On Monuments of Barbarism:
Why American Federal Architecture Should Return to
Its Neoclassical Roots
Chris Coffey | July 2021
The White House's North Portico in October, 2012
eorge Washington signed the Residence Act of 1790 into law early in the second year of his administration. The act provided for a new federal city to be established along the Potomac River. Washington, with assistance from Secretary of State and polymath Thomas Jefferson, selected architects and examined designs for the Capitol Building, the White House, and other buildings in the new federal seat of power. For the White House and the Capitol Building, the Founders landed on designs submitted by Irishman James Hoban and Englishman William Thornton, respectively.
It is no accident that both designs, and many others of the time, were of the then-popular neoclassical style, characterized by the use of columns, symmetry, and simplicity of form. The Capitol was inspired by classic Roman architecture, including the Pantheon, as “an emblem of the nation’s republican experiment.” Hoban’s plans for the White House drew inspiration from classical buildings in Ireland and from the Roman architect Vitruvius.
But the choice of Greek and Roman styles chosen was more than a reflection of the popular mode of architecture at the time. These styles were specifically chosen to convey reverence to the Western and Enlightenment traditions that the Founding fathers intended to carry on. This initial homage to classical architecture prevailed for generations, as reflected in buildings throughout Washington, D.C. and countless cities ranging from Chicago to Philadelphia.
In recent years, however, federal buildings and university campuses have moved away from this deference. A return to neoclassical architecture would be a significant step towards restoring a much-needed and culturally unifying sense of national grandeur.
Jeffersonian Neoclassicism in America
One cannot extol American neoclassical architecture without discussing Thomas Jefferson. A polymath who dabbled in farming, surveying, mechanics, and law, Jefferson was also a keen architect. Throughout his life he designed many buildings in the neoclassical style. Jeffersonian homes such as Monticello, Poplar Forest, and Barboursville bore various classical hallmarks: the entrances he drew featured the porticos and pediments that had come to prominence in Ancient Greece. Despite mixing unique elements, Jefferson’s works often conformed to the Doric, Ionic, Corinthian, and Tuscan architectural orders that originated in Greece and Rome.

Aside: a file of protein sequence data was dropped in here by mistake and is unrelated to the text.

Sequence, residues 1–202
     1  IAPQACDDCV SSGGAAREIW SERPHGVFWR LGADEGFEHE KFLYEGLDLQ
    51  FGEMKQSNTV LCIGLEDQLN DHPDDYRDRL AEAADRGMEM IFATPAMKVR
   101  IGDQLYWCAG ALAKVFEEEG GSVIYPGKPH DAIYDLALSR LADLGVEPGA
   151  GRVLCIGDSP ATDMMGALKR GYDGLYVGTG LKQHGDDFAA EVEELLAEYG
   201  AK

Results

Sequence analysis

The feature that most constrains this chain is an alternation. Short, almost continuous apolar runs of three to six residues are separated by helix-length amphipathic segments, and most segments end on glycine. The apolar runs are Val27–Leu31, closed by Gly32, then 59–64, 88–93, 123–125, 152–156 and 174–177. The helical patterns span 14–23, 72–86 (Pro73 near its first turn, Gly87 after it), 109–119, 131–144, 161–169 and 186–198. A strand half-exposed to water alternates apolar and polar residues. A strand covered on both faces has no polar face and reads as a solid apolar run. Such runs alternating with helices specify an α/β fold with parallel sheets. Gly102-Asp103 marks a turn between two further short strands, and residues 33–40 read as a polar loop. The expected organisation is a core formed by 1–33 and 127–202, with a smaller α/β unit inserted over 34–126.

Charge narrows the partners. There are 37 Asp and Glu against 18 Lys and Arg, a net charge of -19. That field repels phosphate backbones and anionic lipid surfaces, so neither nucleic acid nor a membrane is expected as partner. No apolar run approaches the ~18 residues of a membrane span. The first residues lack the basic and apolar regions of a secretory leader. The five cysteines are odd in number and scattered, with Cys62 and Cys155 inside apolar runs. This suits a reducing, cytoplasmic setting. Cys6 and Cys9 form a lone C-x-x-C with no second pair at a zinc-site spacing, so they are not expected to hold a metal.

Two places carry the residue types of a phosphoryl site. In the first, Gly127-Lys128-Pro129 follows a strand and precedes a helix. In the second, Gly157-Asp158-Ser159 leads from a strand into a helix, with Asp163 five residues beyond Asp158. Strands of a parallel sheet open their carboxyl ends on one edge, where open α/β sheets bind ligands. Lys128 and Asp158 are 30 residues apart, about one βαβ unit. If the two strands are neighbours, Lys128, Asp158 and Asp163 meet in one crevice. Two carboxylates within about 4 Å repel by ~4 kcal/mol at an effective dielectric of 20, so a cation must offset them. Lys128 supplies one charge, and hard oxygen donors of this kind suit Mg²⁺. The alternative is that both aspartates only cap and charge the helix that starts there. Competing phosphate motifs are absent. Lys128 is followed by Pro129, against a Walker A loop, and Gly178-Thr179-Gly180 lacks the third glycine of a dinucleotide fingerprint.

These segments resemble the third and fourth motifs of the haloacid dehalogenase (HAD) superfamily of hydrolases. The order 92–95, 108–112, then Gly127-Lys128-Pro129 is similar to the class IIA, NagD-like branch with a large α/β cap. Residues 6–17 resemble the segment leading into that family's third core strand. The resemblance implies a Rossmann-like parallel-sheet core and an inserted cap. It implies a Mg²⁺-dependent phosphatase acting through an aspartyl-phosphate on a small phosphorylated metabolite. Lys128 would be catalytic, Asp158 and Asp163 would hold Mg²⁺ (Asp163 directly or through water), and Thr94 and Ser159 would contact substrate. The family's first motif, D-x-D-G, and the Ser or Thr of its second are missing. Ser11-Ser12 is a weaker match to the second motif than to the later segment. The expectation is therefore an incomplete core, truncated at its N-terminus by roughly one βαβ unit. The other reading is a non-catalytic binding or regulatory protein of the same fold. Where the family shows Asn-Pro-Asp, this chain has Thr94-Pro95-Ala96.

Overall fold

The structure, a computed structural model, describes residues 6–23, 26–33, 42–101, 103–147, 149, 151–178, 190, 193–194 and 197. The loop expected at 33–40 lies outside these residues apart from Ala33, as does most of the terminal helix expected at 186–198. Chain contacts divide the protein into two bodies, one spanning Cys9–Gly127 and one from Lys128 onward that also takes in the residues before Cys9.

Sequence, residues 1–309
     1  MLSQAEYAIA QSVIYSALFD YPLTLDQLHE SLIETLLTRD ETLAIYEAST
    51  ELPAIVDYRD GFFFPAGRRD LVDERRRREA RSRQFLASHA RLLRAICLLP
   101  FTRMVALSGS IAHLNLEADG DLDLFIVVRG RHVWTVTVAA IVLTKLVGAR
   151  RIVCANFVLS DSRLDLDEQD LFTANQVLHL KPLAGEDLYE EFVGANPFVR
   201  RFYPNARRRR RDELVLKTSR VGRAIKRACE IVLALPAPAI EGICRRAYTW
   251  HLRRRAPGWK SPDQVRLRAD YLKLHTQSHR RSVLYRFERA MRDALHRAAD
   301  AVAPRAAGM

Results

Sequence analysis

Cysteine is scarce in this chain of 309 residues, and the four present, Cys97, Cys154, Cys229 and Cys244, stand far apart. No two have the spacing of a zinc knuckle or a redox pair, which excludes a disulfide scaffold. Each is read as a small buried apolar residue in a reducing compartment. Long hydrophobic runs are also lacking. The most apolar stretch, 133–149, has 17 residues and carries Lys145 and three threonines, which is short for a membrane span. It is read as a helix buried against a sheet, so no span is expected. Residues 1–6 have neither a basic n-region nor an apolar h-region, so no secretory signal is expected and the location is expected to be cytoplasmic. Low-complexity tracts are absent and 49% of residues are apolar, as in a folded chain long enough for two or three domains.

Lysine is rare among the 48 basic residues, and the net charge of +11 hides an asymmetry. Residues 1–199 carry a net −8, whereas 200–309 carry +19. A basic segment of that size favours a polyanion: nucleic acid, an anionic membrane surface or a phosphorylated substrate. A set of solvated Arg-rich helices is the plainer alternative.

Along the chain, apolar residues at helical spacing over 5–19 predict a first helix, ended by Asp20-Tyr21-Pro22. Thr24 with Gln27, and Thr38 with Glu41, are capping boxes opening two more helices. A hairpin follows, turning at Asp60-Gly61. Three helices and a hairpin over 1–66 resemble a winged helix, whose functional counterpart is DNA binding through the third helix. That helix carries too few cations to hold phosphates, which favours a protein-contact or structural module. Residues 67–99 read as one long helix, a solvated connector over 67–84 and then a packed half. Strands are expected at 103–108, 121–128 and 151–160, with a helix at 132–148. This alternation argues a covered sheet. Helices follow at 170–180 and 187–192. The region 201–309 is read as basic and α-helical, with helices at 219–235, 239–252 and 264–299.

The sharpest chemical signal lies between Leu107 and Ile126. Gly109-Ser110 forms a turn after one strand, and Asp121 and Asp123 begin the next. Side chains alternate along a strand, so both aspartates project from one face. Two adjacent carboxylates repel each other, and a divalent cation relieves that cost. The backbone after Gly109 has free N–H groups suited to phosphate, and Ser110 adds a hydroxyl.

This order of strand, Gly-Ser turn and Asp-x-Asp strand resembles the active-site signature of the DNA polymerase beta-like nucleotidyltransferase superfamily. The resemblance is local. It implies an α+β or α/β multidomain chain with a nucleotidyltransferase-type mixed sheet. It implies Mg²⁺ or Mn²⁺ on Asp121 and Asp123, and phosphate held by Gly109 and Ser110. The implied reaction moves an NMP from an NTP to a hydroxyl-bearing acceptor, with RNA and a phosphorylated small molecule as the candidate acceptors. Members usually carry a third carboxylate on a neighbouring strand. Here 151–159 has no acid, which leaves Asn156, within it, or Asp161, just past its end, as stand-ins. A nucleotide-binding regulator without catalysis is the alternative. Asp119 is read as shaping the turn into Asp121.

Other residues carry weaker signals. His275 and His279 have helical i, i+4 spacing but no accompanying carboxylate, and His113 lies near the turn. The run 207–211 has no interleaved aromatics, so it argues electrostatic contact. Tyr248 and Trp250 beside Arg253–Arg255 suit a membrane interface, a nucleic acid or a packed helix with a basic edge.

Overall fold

Perhaps no building better represents Jefferson’s emphasis on the importance and underlying meaning of architecture than those he designed at the University of Virginia. Jefferson designed the university’s most iconic symbol, the Rotunda, in 1817. It was directly inspired by the Pantheon, and was meant to represent the “authority of nature and power of reason.” The Rotunda was to sit at the center of what Jefferson dubbed the “academical village,” where students were to be educated in the liberal arts and the Founding ideals. The colonnades and pavilions were an ode to the wealth of classical literature, philosophy, and thought that had led to the Founding.
Jefferson considered architecture to be “among the most important arts” and thought it “desirable to introduce taste into an art which shows so much.” To Jefferson, “taste” in architecture was synonymous with the neoclassical tradition. As such, he asked the question in a 1785 letter to James Madison, “how is a taste in this beautiful art to be formed in our countrymen, unless we avail ourselves of every occasion when public buildings are erected, of presenting to them models for their study and imitation?” In other words, to cultivate an atmosphere that promotes Western education and exemplifies civic virtue, Jefferson thought it preferable for the government to create buildings in the neoclassical style.